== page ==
The Persona Doll Approach (PDA) is an enjoyable and non-threatening way for adults to work with children and families to promote psychosocial development and anti-bias. The research examines the use of the PDA with young children and caregivers in the South African context of poverty, and past and present discrimination. The PDA addresses different manifestations and issues related to prejudice, such as: racism; xenophobia; culture, faith and language; gender; social class; poverty; abuse; disability; HIV and AIDS stigma; diversity and inclusion; and human rights. Several Early Childhood Development (ECD) resource and training organisations are receiving training and support to integrate PDA into their work and strengthen understanding and skills to address social issues and holistic child development. The dolls are being used in ECD centres and in family and community-based programmes to help a range of different adult role-players engage with their own prejudice, support their emotional development and strengthen their appreciation of diversity. This provides the foundation, skills and understanding to in turn support the development of young children in a practical day-to-day way through the PDA. A participatory learning process is being developed and implemented in order to learn about the use of the dolls and approach and try to track progress and impact. The challenges implicit in the design of strategies to monitor and evaluate a complex intervention of this kind are also addressed.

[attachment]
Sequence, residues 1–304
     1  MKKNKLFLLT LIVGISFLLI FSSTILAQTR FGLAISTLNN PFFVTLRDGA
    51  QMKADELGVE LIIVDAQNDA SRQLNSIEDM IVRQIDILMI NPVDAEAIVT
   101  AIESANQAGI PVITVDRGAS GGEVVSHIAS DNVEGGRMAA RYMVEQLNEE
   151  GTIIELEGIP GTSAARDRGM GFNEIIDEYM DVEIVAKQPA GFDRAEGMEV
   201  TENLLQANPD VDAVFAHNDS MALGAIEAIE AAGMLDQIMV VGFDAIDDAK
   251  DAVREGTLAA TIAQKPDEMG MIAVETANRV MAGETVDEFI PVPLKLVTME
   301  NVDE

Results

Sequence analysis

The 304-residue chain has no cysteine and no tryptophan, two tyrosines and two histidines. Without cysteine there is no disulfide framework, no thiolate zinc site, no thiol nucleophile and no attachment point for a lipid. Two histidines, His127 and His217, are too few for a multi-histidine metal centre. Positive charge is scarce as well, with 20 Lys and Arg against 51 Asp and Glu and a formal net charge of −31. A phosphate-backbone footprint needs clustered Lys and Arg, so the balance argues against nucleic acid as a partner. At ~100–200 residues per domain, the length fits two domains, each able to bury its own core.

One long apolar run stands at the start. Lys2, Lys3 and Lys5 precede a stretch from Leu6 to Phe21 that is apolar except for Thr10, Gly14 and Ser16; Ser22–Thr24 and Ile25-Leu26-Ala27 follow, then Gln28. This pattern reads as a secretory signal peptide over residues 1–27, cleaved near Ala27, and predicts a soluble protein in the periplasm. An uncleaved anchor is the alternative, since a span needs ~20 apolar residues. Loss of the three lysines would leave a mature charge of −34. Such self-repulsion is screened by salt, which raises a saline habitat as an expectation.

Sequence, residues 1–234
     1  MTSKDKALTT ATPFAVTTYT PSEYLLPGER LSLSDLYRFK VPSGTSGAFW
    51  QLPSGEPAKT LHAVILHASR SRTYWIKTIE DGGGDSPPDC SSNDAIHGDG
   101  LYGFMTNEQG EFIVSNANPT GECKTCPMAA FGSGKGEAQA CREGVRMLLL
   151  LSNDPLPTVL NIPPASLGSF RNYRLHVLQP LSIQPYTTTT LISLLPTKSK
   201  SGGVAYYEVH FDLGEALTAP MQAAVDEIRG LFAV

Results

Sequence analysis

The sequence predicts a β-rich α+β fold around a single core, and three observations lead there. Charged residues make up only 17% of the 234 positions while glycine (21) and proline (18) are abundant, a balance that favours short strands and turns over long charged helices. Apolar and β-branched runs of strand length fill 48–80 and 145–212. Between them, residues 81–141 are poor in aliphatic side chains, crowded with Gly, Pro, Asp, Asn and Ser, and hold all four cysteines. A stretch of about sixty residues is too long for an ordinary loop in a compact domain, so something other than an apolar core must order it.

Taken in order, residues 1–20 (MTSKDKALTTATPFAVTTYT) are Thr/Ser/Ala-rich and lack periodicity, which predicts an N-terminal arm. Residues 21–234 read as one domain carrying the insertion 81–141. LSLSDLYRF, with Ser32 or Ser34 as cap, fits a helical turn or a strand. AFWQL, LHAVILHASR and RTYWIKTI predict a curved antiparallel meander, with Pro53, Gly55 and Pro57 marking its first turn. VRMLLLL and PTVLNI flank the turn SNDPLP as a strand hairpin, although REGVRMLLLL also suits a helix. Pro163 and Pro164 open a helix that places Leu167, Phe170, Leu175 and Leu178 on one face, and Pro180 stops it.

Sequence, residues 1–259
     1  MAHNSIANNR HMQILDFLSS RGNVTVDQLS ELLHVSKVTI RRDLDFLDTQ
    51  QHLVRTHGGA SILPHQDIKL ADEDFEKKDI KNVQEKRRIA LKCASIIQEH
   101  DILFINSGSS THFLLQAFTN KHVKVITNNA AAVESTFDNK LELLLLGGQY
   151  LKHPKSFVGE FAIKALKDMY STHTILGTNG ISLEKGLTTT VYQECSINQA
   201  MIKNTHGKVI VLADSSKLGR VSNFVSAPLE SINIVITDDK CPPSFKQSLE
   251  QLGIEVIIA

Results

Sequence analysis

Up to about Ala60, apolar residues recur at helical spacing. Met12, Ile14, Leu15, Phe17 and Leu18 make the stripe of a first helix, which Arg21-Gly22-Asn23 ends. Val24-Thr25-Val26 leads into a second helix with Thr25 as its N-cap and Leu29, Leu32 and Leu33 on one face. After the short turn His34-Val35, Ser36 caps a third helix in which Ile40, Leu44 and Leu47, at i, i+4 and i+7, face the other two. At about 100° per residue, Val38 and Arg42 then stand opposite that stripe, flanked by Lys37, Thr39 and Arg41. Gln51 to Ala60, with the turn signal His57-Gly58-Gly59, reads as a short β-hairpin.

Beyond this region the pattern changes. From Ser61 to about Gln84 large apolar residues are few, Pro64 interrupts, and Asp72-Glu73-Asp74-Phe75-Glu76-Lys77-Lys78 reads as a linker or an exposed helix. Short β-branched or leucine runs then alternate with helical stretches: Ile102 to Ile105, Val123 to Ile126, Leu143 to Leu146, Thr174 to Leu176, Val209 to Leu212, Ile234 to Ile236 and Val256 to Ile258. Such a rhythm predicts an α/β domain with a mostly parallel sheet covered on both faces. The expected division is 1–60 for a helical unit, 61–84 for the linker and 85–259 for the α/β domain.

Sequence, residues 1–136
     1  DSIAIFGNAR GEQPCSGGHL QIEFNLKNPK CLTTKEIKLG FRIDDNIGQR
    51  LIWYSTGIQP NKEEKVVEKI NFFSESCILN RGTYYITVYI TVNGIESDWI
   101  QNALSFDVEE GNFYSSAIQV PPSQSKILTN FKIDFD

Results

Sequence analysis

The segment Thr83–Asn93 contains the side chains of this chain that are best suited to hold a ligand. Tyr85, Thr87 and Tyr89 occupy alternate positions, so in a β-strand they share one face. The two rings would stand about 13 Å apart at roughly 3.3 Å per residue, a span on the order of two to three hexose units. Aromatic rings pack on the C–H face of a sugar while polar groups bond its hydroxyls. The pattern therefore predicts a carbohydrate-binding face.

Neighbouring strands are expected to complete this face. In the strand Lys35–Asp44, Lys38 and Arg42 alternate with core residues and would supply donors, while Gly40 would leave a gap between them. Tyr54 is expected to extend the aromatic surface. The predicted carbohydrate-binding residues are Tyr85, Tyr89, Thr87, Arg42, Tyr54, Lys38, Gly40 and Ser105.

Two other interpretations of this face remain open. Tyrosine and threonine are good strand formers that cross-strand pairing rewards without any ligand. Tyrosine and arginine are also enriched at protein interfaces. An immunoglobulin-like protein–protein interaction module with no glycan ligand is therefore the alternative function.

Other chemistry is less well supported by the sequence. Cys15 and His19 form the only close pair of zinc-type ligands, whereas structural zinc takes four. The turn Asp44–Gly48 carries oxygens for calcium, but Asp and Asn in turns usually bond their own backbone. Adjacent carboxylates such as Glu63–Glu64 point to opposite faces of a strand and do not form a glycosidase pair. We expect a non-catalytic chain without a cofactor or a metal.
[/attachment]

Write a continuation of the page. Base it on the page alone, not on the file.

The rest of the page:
|Keywords:||Learning, Empathy, Prejudice and Anti-Bias, Inclusion and Diversity in Practice, Young Children and Their Caregivers, Human Rights, Persona Doll Training, South Africa|
Co - Ordinator Persona Doll Training (PDT), Personal Doll Training, Cape Town, Western Cape, South Africa